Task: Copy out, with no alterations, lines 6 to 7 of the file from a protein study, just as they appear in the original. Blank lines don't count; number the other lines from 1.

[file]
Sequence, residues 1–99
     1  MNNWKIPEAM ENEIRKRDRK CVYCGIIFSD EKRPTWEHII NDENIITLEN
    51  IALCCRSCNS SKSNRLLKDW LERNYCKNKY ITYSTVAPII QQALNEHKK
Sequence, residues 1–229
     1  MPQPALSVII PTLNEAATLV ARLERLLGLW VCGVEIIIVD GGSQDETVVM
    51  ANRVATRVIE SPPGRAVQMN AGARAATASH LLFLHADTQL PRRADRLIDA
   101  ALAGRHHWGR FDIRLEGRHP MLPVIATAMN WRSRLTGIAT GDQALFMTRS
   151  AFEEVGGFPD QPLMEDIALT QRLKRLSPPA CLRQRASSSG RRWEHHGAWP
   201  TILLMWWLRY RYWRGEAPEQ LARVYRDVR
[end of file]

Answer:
    51  ANRVATRVIE SPPGRAVQMN AGARAATASH LLFLHADTQL PRRADRLIDA
   101  ALAGRHHWGR FDIRLEGRHP MLPVIATAMN WRSRLTGIAT GDQALFMTRS